The International Perspective

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The other motto, "Think globally; act locally," recognizes that environmental problems have important global dimensions, particularly because carbon dioxide and other greenhouse gasses threaten to cause climate change. To some extent the international community has dealt successfully with environmental threats; for example, the Montreal Protocol, an international accord signed in 1987, initiated controls on the production of chemicals that damage stratospheric ozone. And conventions aimed at preserving endangered species and controlling the harvest of common resources—whales, for example—have long exerted influence on the international community.

To an even greater extent, however, international environmental conventions and the institutions—called regimes— set up to implement them meet many of the same problems of enforcement that are familiar in domestic contexts. Many of the conventions—such as those that ban pollution in the North Sea—are hortatory or idealistic. Politicians enact these protocols under pressure from the green movement, but because of the very great costs involved, they make slow progress in enforcing them. Nongovernmental organizations take the lead in litigating, harassing, and otherwise reminding officials of their responsibilities under the protocols they signed.

In 1997, industrialized nations, including Japan, the United States, and members of the European Union, promised at Kyoto that by 2012 they would cut to significantly less than 1990 levels, and permanently limit their production of, CO2 and other greenhouse gases. Developing countries such as China, India, Indonesia, and Malaysia, believing that the welfare of their people depends more on the growth of their economies than on the stability of the atmosphere, refused to join the effort to lower emissions. These countries, because of rapid economic and population growth, are likely to surpass the industrialized nations in their greenhouse emissions within about fifteen years, and will by themselves emit more than enough greenhouse gases to destabilize the atmosphere. Partly for this reason, but also because of the costs involved, the U.S. Senate said that it would never ratify the climate treaty unless developing nations commit to substantial participation. President George W. Bush later brushed off the Kyoto Treaty entirely.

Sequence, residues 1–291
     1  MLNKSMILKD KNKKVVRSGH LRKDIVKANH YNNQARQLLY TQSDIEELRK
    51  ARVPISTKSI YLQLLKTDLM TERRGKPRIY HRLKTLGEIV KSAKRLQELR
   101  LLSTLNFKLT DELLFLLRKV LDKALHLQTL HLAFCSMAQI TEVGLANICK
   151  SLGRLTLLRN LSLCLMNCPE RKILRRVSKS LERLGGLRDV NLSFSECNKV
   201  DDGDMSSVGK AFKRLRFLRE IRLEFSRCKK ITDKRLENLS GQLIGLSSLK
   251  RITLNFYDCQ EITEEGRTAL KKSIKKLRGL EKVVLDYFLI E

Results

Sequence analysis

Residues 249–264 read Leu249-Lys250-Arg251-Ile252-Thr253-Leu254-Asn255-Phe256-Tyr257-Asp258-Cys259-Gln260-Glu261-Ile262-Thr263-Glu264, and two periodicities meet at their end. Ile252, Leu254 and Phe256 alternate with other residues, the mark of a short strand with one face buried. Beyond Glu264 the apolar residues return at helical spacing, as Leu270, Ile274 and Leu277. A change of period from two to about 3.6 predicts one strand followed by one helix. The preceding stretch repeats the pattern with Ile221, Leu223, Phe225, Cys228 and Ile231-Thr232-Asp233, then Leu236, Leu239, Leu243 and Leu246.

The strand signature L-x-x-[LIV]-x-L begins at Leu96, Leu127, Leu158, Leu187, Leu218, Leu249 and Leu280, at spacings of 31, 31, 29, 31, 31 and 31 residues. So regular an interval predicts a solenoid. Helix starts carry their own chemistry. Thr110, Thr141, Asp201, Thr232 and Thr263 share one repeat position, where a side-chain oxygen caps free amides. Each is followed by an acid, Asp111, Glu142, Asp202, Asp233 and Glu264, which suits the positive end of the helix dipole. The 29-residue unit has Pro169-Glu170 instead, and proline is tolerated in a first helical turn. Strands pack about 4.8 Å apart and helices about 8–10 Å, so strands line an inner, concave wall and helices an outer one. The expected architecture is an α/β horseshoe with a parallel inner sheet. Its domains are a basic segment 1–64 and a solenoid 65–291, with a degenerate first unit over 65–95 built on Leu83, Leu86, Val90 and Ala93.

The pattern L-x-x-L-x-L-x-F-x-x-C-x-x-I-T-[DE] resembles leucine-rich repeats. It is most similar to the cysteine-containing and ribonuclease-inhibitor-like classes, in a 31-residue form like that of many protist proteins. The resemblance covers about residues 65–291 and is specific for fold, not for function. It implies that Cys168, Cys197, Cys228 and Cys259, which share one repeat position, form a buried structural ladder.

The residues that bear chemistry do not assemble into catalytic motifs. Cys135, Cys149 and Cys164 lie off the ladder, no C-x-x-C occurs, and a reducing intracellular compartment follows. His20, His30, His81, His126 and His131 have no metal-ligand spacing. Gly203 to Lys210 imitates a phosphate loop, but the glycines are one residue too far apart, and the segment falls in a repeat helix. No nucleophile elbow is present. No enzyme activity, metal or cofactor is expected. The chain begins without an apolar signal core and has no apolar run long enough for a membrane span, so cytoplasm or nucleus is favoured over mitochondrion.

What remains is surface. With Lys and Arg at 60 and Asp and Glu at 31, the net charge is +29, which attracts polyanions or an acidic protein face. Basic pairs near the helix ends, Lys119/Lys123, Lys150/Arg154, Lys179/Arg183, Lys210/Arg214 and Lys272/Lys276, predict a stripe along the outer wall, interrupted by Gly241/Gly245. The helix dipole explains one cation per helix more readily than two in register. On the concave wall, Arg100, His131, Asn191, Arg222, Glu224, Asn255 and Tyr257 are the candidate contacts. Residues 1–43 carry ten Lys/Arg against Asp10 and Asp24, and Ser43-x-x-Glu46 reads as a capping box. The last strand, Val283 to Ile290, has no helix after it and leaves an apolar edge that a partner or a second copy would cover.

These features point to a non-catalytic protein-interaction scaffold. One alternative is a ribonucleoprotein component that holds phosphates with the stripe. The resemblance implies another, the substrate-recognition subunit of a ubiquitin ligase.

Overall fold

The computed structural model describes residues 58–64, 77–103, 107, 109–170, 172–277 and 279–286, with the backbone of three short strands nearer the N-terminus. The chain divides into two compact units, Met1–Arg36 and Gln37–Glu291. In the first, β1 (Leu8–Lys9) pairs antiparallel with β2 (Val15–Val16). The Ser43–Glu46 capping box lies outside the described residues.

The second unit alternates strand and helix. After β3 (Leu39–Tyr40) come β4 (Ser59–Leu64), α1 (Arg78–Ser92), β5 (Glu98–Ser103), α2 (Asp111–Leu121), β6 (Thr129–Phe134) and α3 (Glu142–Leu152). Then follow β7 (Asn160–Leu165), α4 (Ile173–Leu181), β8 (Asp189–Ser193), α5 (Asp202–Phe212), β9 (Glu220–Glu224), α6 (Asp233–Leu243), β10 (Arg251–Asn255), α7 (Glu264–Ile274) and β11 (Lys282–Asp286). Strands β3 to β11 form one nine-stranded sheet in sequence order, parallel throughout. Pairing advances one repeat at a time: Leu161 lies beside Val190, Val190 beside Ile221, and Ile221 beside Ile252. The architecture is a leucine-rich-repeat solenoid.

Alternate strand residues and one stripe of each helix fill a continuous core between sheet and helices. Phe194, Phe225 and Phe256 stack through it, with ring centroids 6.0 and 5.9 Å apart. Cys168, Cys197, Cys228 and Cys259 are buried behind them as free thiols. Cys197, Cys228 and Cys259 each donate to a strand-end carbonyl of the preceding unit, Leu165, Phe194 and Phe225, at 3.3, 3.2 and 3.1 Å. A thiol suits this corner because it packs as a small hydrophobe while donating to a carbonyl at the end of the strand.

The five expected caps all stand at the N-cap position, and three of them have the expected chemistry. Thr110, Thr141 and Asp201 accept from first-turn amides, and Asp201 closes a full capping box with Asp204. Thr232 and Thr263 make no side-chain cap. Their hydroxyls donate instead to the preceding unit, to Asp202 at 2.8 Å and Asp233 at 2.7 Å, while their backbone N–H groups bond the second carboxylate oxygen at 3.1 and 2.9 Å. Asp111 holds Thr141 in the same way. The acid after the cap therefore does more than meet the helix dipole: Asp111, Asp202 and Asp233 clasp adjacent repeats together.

Environmental organizations have begun to turn their attention to international problems, particularly global climate change. Little has been said, however, about exactly how the United States should lower its emissions—whether by converting from coal-fired to nuclear energy, for example. Ethical debate has centered on a U.S. proposal to allow nations to sell credits for their excess reductions to other nations, who would then count them toward meeting their own targets. The United States, for example, might assist Russia to convert inefficient coal-burning electric utilities to cleaner and more efficient gas-fired power plants. The Russians would receive the new technology at little or no cost, and the United States would be able to take credit for the reduction in emissions from the Russian plants. It costs a lot less to achieve a 50 percent reduction from the dirtiest industries in Russia or India than a 10 percent reduction in industries that are already technologically advanced.

Critics have condemned pollution-trading because it "turns pollution into a commodity to be bought and sold," and thereby "removes the moral stigma that is properly associated with it" (Sandel). Yet CO2, unlike toxic agents or carcinogens, should not be stigmatized. Under a safe global cap—let us say, the levels accepted at Kyoto—CO2 emissions are not harmful or objectionable. If wealthy countries buy allowances by providing poorer countries with more efficient technologies, moreover, this does not necessarily indicate disrespect or arrogance, but might be looked at as partnership, if wealthy countries do not use less efficient technology at home than they subsidize abroad.

Some commentators have proposed a general requirement that ties CO2 emissions to economic product, with the idea that wealthy countries can get credit for helping others reach the carbon-efficiency per dollar economic output achieved by the most efficient economies. The ethical impasse that stymies carbon trading strategies lies in finding a fair principle on which to distribute initial allowances— namely, whether to grandfather present levels or establish per-capita quotas. A global cap on greenhouse gases, in other words, must be translated into an initial set of permits nations can use or trade. This problem has proven intractable. As economist Tom Schelling has said, "Global emissions trading is an elegant idea, but I cannot seriously envision national representatives sitting down to divide up rights in perpetuity worth a trillion dollars" (Passell).

The greatest threat to the global environment remains war—especially in view of the proliferation of nuclear weapons. Environmental protocols, regimes, and conventions, when successful, bring nations closer together and teach them to cooperate with and to trust each other. Insofar as environmental protection encourages a sustainable peace, it will lay the surest foundation for environmental protection and sustainable development.


SEE ALSO: Endangered Species and Biodiversity; Environmental Ethics; Environmental Health

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